On the target server we run Get-SmbSession | fl and see that indeed the source computer has two sessions open on target server.

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Let’s see if a share is created using Get-SmbShare.on the target. Yes there is:

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In Computer Management it shows up like this on the target sever:

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In explorer you can see this as a $VSM$ folder in the root of C, that has a subfolder with the name of the source server and an ID like ZULU.2541288334$. This subfolder is shared (hidden) and contains a shortcut to the volume where the selected target folder resides, this could be C, D local storage (DAS), shared storage (CSV) or an SMB 3.0 share as well. In the screen shot below the folder doesn’t match up to the share name as they are taking from different Shared Nothing Live Migration

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Security wise we’re to keep our hands of and the security settings reflect this Winking smile. But if you take ownership you can co peak at what’s in there. When writing a blog post for example WhistlingWe indeed saw the copied disk size of the VM being live migrated increase in the selected target folder.

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Conclusion

I find it pretty cool to see how this all works under the hood. Hope you found this educational and interesting as well. It’s a testimonial to what SMB 3.0 can be leveraged for all kind of interesting scenarios.

Shared Nothing Live Migration White Board Time – Scenario I


The Problem

Let’s say you are very happy with your SAN. You just love the snapshots, the thin provisioning, deduplication, automatic storage tiering, replication, ODX and the SMI-S support. Live is good! But you have one annoying issue. For example; to get the really crazy IOPS for your SQL Server 2012 DAG nodes you would have to buy 72 SSDs to add to you tier 1 storage in that SAN. That’s a lot of money I you know the price range of those. But perhaps you don’t even have SSDs in your SAN.To get the required amount of IOPS from your SAN with SAS or NL-SAS disks in second and respectively third level storage tier you would need to buy a ridiculous amount of disks and, let’s face it, waste that capacity. Per IOPS that becomes a very expensive and unrealistic option.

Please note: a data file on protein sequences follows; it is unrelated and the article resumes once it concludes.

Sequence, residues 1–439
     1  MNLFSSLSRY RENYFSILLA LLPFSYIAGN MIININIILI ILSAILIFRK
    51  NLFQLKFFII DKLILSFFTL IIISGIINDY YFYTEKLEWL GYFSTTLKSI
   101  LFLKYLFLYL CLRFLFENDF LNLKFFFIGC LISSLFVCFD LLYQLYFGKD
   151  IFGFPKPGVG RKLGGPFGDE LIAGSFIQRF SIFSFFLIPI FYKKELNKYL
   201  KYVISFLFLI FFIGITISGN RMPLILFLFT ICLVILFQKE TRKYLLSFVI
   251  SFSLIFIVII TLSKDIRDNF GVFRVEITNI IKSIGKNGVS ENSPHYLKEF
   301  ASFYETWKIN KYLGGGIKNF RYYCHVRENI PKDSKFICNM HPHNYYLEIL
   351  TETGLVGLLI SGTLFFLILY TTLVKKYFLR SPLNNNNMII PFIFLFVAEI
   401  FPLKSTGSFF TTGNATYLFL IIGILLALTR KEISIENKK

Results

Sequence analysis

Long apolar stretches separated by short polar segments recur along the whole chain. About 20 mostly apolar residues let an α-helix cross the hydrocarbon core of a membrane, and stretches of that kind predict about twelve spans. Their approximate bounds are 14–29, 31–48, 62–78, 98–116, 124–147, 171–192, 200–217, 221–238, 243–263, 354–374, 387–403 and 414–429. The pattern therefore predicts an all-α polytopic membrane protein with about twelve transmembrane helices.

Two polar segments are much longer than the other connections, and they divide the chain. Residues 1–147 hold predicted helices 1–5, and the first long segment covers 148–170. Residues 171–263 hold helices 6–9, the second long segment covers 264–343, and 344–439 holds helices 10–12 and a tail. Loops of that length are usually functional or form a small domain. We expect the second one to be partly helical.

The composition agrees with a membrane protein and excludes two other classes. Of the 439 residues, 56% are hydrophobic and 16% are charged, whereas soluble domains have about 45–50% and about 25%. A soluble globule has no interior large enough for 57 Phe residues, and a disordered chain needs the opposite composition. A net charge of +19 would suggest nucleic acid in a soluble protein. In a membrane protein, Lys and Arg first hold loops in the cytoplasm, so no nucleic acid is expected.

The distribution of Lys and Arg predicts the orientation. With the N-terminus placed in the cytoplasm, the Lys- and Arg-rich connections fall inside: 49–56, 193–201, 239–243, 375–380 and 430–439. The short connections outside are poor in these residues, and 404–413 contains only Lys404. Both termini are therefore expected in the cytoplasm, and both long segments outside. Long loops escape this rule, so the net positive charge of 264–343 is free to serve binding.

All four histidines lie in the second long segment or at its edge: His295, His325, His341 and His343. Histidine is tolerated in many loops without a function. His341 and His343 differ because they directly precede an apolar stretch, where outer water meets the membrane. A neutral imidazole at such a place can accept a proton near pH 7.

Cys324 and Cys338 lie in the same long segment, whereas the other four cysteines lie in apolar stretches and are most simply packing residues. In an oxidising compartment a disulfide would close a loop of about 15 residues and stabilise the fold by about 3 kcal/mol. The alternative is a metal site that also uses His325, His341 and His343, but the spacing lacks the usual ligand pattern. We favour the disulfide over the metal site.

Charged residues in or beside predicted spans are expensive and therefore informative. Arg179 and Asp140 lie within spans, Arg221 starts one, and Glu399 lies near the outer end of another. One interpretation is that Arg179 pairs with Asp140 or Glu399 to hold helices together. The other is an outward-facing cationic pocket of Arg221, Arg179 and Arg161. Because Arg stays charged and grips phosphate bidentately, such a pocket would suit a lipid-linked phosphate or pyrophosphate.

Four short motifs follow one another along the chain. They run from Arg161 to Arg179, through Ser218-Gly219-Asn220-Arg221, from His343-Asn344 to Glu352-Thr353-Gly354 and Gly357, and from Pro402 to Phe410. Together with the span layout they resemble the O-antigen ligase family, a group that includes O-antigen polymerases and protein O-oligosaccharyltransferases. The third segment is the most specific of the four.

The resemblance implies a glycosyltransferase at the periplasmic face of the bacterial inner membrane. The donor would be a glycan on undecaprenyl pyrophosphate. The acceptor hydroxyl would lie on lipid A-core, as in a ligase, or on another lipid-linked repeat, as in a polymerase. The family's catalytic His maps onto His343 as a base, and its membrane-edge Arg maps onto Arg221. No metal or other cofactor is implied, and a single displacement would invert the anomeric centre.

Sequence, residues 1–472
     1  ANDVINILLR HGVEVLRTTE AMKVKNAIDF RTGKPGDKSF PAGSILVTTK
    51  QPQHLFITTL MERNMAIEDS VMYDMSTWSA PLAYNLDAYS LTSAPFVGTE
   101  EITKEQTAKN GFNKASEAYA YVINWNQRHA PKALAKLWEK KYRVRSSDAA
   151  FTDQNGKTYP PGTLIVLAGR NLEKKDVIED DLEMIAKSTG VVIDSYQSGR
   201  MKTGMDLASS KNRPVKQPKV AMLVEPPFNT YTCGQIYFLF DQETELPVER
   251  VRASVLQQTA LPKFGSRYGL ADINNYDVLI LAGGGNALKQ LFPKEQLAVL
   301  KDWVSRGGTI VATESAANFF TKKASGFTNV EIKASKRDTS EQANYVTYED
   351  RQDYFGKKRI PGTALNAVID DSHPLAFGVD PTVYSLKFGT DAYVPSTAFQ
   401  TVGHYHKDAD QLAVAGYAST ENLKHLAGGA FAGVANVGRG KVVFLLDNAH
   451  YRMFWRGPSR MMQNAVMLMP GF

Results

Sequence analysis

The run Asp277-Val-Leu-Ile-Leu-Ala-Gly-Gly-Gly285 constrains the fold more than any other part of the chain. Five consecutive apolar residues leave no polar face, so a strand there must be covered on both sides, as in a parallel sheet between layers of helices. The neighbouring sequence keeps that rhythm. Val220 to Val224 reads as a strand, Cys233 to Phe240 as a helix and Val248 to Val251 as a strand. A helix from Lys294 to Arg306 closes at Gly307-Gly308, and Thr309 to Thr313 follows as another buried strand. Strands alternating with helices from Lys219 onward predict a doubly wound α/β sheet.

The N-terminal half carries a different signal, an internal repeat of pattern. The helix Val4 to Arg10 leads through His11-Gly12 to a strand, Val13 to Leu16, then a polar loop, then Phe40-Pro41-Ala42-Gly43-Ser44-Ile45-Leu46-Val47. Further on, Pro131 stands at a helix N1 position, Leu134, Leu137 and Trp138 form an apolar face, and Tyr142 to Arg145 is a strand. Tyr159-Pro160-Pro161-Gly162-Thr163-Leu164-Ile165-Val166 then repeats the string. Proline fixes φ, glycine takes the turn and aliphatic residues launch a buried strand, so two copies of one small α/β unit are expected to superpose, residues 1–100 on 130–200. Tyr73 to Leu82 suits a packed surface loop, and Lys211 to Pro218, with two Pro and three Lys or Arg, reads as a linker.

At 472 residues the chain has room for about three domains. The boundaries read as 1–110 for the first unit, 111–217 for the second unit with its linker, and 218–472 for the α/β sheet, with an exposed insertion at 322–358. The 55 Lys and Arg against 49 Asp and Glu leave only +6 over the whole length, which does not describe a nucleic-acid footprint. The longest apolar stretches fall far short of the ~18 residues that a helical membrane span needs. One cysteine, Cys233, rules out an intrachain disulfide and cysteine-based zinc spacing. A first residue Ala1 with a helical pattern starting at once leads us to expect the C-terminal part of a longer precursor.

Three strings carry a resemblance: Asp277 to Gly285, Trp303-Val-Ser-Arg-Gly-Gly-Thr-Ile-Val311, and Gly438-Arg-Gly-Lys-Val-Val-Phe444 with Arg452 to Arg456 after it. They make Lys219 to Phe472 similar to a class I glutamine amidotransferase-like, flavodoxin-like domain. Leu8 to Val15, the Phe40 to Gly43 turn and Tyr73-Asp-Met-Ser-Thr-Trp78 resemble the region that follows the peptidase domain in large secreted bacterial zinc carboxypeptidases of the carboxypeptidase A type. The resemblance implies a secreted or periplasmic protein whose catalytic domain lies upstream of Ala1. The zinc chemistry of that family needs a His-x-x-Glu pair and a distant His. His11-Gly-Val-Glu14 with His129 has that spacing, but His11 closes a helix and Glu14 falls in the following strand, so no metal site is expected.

Some SSD only SAN vendors will happily sell you a SAN that address the high IOPS need to help out with that problem. After all that is their niche, their unique selling point, fixing IOPS bottle necks of the big storage vendors where and when needed. This is cheaper solution per IOPS than you standard SAN can deliver but it’s still a lot of money, especially if you need more than a couple of terabytes of storage. Granted they might give you some extra SAN functionality you are used to, but you might not need that.

Yes I know there are people who say that when you have such needs you also have the matching budgets. Maybe, but what if you don’t? Or what if you do but you can put 500.000 € towards another need or goal? Your competitive advantage for pricing your products and winning customers might come form that budget Winking smile

Creative Thinking or Nuts?

Let’s see if we can come up with a home grown solution bases on Windows Server 2012 Hyper-V. If we can this might solve your business need, save a ton of money and extend  (or even save) the usefulness of you SAN in your environment. The latter is possible because you successfully eliminated the biggest disk IO from you SAN.

The Solution Scenario

So let’s build 3 Hyper-V hosts, non-clustered, each with its own local SAS based storage with commodity SSD drives. You can use either storage pools/spaces with a non-raid SAS HBA or use a RAID SAS HBA with controller based virtual disks for this. If you’ve seen what Microsoft achieved with this during demos you know you can easily get to hundreds of thousands of IOPS. Let’s say you achieve half of what MSFT did in both IOPS and latency. Let’s just put a number on it => that’s about 500.000 IOPS and 5GB/s. Now reduce that for overhead of virtualization, the position of the moon and the fact things turn out a bit less than expected. So let’s settle for 250.000 IOPS and 2.5GB/s. Anybody here who knows what this kind of numbers would cost you with the big storage vendors their SANs? Right, case closed. Don’t just look at the cost, put it into context and look at the value here. What does and can your SAN do and at what cost?